Westmoreland says the pills killed her 17-year-old son, Noah Smith. She says last September, Smith took two 200-milligram caffeine pills, the equivalent to four cups of coffee. Hours later, he died. The official cause of death: Cardiac dysrhythmia due to accidental overdose of caffeine.
Westmoreland and her three other children will continue to travel to Jackson to push for the passage of Noah's Law, which would ban the sale of caffeine pills and powder to minors under the age of 18. She says it's important to save the lives of other young people.
"If you consume just a little powder of caffeine, that can be equivalent to up to 25 cups of coffee," said State Representative Tommy Reynolds, who authored the bill.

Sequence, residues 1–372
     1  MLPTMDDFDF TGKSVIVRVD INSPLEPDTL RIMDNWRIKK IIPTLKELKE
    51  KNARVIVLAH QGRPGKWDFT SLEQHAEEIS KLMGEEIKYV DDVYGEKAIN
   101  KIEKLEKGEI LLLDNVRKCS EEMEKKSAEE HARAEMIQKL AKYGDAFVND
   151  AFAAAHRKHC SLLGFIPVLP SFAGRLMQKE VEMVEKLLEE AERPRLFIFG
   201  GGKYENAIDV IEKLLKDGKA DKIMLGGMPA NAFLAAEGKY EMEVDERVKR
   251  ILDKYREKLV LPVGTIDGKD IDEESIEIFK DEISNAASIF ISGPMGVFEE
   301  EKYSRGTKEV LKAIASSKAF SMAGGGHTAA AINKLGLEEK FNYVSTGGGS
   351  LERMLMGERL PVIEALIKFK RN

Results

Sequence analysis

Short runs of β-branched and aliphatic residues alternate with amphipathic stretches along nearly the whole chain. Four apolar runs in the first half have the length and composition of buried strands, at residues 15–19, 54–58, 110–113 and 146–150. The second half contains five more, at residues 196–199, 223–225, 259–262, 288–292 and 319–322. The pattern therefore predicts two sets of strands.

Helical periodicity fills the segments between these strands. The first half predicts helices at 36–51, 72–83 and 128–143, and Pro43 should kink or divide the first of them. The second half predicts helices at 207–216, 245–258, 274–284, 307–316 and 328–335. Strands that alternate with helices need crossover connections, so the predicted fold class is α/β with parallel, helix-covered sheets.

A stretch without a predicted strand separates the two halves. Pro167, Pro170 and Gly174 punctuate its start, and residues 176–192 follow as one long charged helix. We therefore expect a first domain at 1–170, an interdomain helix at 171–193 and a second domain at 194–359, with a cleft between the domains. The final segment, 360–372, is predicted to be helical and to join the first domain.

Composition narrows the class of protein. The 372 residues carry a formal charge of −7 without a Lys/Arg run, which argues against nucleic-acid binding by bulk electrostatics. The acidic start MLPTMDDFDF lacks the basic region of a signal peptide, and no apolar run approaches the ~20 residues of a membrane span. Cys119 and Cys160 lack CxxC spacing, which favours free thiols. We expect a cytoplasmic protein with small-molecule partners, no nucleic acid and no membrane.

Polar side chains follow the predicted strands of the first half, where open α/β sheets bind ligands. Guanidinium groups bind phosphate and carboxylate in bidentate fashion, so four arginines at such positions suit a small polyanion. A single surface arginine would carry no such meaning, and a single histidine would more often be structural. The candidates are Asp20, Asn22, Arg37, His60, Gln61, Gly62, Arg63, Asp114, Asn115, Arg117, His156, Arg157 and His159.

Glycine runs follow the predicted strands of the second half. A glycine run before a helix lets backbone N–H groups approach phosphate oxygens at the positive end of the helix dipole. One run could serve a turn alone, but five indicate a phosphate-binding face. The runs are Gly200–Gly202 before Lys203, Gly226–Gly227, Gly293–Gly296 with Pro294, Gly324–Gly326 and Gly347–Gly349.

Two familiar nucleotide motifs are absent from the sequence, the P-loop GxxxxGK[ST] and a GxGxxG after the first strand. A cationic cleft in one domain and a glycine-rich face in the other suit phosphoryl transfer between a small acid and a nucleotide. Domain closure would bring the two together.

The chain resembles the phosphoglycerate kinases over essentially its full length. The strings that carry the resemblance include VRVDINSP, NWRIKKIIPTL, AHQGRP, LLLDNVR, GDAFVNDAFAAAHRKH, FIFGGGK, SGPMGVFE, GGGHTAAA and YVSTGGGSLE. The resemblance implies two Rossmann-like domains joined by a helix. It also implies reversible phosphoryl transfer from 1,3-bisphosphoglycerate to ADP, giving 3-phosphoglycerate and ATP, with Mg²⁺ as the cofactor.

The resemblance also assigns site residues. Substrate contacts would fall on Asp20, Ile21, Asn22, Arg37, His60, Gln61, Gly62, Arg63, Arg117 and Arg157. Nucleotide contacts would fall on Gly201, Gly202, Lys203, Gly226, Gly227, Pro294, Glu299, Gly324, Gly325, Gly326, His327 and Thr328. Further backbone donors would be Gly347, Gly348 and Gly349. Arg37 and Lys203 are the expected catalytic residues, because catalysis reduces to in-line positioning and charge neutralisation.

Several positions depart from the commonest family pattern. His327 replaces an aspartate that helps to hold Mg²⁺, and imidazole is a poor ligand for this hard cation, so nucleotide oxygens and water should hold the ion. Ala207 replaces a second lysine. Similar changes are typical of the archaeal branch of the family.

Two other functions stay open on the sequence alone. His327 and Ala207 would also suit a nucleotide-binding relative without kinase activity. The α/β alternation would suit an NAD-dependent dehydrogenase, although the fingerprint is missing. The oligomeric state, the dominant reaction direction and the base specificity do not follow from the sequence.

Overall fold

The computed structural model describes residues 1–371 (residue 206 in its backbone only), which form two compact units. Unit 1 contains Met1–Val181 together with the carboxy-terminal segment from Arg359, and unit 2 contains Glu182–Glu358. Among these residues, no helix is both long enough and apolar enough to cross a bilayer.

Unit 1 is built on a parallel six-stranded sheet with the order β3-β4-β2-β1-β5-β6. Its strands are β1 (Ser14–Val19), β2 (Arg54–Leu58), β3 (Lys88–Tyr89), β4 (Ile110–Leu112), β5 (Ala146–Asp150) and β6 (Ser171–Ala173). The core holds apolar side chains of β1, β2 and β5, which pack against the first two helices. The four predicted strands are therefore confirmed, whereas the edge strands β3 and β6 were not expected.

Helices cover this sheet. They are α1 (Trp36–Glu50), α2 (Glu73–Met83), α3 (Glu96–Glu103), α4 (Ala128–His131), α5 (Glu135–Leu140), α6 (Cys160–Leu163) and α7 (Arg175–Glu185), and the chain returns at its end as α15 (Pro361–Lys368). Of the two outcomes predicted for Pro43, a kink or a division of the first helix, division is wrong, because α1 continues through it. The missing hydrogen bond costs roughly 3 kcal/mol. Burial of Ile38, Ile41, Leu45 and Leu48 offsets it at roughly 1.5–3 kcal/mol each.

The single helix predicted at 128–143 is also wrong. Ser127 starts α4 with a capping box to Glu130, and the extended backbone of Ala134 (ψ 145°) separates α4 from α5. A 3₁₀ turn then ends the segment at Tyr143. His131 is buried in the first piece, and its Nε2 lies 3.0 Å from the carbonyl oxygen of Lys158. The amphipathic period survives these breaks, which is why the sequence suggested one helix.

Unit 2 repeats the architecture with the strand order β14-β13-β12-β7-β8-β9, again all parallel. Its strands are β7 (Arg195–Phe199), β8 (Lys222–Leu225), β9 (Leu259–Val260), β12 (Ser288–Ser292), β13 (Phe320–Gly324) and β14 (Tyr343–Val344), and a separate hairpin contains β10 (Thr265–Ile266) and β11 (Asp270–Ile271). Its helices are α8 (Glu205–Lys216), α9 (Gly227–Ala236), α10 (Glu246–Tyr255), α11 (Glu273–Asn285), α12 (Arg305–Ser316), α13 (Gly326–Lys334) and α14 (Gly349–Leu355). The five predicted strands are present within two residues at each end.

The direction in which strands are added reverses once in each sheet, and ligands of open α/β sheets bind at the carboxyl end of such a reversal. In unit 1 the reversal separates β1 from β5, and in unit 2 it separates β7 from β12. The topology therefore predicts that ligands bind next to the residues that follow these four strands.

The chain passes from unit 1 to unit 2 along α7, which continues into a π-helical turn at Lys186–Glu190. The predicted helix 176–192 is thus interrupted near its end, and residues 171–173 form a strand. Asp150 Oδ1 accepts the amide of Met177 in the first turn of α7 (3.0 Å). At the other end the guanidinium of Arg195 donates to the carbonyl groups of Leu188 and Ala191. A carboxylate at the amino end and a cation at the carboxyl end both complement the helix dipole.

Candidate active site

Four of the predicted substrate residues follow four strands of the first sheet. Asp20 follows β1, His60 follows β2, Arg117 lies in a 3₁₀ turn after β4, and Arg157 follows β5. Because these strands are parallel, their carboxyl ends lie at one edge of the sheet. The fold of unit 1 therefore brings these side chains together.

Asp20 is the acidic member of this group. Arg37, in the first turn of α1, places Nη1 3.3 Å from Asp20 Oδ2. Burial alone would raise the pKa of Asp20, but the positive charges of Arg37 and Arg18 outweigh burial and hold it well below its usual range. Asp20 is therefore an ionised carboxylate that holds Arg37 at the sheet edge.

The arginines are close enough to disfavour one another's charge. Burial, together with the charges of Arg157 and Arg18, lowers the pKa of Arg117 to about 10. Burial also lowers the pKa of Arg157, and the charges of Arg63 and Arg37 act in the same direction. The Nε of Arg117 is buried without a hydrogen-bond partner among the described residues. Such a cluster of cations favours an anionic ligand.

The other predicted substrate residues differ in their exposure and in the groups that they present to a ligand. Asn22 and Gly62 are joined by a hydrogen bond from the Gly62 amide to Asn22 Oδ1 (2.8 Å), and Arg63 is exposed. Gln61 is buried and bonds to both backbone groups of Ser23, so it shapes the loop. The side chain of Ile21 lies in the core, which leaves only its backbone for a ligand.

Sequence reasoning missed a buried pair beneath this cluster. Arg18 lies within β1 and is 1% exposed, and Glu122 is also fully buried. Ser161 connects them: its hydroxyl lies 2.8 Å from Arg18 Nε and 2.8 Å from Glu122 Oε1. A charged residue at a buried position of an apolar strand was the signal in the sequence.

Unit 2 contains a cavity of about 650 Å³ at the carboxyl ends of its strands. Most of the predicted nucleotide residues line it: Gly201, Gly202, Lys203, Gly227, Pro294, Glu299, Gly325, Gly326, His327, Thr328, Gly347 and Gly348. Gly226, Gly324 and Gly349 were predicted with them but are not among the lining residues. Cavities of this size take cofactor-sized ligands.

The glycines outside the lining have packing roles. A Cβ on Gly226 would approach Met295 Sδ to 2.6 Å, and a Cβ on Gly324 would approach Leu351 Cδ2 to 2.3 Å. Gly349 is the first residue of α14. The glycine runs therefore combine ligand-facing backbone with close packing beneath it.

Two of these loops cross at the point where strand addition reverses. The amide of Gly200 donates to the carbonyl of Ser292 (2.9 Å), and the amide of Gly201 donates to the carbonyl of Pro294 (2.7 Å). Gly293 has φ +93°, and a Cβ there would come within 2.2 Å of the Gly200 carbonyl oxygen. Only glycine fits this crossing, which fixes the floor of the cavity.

Reynolds, of Yalobusha County, authored House Bill 507, the Noah's Law bill. It passed through a House committee Wednesday, and will now go to the House floor.
"I think the bill is well thought out. I don't think it's overly intrusive, but it tries to solve the problem, the one problem we have here," he said.
Westmoreland says her son, who was a budding artist and musician, had no idea he was hurting himself when he took a few pills to stay awake.
"It's only going to get worse if somebody doesn't step up to the plate and do something," she said.
Rep. Reynolds says several other states are taking similar bills under consideration, and six U.S. Senators have asked the FDA to fully ban the sale of caffeine powder.
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